The cover design of this “Purple Haze” EP from Mexico (1968) also wins for ‘most literal’ — includes three tracks from the debut album, plus one (“Up From the Skies”) from the ‘new’ one, curiously enough.
“Freedom” b/w “Angel” 45 picture sleeve – Japan – 1971
Zero to 180 is stunned to discover that all three Jimi Hendrix Experience albums received radically different covers and sleeve designs when released in France on Barclay imprint, Panache, as shown below.
1967’s Axis: Bold As Love
1968’s Electric Ladyland
Hendrix, incidentally, would only merit one picture sleeve in his lifetime for the US market — debut 45, “Hey Joe” b/w “51st Anniversary” (released April, 1967 on Reprise).
Last month’s surprising (and under-reported) research results pertaining to The Beatles’ controversial association with K-Tel, I assumed, had tapped the well of Beatledom dry. So imagine my surprise when Zero to 180 researchers poked at 45Cat’s database with a stick and stumbled upon a treasure trove of curious and, at times, downright baffling decisions regarding Beatles 45 and EP releases in “foreign” markets around the world.
Thailand takes the proverbial cake, in terms of audacity, style, and sense of the absurd, with not a single vinyl offering having enjoyed input from EMI or The Beatles whatsoever. My favorite find among these brazen bootleg releases on Thailand’s Coliseum label is an EP that features four tracks from 1968’s ‘White Album‘ – all of them left-field song choices – but it’s the picture sleeve that wins a prize for sheer daffiness:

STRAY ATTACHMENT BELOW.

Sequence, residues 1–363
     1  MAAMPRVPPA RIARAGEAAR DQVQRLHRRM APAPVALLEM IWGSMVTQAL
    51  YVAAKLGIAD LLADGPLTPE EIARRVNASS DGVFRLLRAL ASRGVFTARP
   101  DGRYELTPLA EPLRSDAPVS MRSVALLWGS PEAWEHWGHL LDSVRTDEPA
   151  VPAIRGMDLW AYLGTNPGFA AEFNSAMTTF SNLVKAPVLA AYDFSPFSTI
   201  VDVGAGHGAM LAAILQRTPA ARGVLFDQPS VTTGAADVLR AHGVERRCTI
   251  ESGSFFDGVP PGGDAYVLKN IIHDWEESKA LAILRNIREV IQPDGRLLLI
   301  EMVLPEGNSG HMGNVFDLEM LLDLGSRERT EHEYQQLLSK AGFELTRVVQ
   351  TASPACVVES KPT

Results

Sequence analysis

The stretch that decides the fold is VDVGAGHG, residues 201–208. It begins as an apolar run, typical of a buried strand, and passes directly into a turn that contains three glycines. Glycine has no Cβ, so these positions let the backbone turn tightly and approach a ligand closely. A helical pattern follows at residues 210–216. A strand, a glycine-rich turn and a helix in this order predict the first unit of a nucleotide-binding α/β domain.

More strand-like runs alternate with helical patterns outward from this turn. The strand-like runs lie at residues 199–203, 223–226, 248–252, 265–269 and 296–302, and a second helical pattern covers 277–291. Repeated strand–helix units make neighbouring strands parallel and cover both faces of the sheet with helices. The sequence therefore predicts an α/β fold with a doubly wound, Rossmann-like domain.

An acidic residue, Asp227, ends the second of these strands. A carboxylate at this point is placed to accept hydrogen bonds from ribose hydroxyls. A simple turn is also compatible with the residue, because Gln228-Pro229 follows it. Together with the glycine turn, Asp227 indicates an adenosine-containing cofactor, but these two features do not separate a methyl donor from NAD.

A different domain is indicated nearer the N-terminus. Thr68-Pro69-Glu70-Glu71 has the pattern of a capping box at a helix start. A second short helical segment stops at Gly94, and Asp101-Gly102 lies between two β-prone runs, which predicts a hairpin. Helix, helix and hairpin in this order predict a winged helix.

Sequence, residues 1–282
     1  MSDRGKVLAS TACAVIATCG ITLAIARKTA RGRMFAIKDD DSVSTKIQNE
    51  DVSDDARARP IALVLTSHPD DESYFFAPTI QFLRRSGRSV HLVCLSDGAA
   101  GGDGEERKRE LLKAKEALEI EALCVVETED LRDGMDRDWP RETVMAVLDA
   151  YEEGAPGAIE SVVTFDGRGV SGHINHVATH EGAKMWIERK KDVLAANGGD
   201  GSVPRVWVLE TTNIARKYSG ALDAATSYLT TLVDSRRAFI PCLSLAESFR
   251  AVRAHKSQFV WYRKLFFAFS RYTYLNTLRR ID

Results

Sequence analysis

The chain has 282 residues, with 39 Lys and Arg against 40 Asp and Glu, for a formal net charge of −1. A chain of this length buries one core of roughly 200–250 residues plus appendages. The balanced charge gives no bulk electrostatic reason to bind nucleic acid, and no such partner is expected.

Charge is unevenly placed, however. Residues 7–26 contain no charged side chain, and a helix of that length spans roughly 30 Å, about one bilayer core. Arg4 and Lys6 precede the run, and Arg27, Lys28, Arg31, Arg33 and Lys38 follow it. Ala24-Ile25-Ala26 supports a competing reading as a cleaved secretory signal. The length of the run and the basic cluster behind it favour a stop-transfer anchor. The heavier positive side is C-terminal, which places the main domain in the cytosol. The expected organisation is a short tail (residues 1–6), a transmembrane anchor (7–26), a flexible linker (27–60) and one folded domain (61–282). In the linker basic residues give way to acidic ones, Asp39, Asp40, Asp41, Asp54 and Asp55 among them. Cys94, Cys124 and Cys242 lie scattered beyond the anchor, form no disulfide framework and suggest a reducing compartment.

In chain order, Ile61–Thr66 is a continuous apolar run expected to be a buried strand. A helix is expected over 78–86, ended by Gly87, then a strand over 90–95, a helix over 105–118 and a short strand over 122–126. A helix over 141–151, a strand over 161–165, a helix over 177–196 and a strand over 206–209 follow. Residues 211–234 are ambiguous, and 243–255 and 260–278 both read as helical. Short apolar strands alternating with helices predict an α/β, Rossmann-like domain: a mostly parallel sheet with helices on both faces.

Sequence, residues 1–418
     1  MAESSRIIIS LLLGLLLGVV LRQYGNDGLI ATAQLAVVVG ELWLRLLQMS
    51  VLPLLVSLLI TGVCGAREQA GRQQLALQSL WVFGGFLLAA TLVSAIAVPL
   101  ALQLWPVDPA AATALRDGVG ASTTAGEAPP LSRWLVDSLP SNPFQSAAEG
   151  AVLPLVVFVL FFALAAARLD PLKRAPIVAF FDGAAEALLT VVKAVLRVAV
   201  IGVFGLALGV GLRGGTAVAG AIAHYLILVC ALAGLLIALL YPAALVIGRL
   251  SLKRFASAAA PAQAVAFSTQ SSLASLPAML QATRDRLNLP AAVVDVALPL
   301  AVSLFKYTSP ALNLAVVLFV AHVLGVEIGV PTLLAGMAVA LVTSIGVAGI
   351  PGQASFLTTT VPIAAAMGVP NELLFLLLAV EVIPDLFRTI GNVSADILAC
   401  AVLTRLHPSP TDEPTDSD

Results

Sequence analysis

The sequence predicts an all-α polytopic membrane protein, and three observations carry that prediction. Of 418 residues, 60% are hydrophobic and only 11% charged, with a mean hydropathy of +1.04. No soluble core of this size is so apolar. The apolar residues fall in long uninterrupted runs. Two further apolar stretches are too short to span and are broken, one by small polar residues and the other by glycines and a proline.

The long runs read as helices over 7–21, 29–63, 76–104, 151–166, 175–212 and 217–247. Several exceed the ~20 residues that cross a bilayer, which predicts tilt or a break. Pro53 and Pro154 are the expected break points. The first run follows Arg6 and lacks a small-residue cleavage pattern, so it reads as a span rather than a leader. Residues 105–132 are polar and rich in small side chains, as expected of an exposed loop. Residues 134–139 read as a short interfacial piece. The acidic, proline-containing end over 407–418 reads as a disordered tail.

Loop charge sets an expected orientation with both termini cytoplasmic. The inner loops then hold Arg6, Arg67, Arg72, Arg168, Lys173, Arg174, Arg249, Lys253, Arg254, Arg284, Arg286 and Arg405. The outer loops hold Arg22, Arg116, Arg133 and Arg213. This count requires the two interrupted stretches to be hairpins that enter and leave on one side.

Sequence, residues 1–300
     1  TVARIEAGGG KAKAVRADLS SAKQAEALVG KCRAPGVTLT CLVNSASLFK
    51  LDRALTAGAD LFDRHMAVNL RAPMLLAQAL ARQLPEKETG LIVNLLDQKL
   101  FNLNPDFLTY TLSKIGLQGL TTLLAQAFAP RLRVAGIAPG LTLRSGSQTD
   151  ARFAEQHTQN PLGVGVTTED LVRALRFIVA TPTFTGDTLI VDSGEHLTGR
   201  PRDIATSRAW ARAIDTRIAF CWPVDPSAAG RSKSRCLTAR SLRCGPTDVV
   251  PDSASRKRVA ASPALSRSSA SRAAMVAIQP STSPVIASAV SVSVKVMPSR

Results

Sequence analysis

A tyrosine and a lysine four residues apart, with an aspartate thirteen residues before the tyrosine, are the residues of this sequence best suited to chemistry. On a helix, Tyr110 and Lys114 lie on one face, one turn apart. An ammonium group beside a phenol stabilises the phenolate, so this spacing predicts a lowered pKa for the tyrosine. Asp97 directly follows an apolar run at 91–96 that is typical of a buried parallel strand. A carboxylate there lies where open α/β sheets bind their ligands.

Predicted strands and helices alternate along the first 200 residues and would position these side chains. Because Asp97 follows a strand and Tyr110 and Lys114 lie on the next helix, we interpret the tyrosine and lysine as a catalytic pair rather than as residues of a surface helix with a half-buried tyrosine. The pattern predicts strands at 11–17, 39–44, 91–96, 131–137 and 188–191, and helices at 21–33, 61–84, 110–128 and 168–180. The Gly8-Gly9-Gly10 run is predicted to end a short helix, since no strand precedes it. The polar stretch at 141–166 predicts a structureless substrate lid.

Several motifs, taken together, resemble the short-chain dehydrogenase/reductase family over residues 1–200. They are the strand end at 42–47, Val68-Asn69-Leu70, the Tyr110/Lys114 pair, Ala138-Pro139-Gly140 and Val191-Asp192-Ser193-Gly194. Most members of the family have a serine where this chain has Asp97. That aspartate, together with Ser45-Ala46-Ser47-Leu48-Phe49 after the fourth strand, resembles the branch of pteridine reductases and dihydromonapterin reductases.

As one of the 45Cat catalogers notes, this 1968 EP enjoys the distinction of being the only appearance of “Martha My Dear” on a non-LP Beatles release. Only Finland would see fit to include “Happiness Is a Warm Gun” on a (legitimate) 45, while “Glass Onion” would remain an album track solely (if you exclude this unauthorized EP from Iran). “Savoy Truffle” very nearly suffered the same fate — until Mexico’s outsized fondness for George Harrison manifested itself in this impressive assemblage of four (count ’em) George tracks released in 1971, one year after the band had called it quits.
Guinness record for number of George songs on Beatles non-LP release
Actually, that same year Apple Mexico would issue four additional George-packed EPs, particularly notable for the Beatle whose first and only A-side — 1969’s “Something” — had come near the end of the Beatles’ recording career (where his output would be limited to one song per album side):
George’s “I Me Mine” would forever be confined to the Let It Be album, except in Mexico, where the song would be included on a 1972 EP, (also noteworthy for including album-only track “One After 909“), while Venezuela would go one step further by being the only country to issue this waltz on a 45. Also noteworthy is a planned-but-never-issued 5-song EP for the UK market of what would have been the only non-LP appearance of George track “It’s All Too Much.”